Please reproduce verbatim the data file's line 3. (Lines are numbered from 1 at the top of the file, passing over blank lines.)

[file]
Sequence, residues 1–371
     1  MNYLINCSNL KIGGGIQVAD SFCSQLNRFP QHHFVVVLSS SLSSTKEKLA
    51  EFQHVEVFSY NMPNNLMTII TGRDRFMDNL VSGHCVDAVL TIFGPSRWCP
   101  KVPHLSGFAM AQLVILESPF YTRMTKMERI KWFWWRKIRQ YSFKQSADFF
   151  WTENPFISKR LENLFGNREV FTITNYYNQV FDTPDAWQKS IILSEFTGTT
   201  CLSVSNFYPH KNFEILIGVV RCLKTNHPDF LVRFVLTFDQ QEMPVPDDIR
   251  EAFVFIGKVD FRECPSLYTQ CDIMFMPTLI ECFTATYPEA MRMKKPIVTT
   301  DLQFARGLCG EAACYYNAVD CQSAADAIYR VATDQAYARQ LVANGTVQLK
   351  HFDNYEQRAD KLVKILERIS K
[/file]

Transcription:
    51  EFQHVEVFSY NMPNNLMTII TGRDRFMDNL VSGHCVDAVL TIFGPSRWCP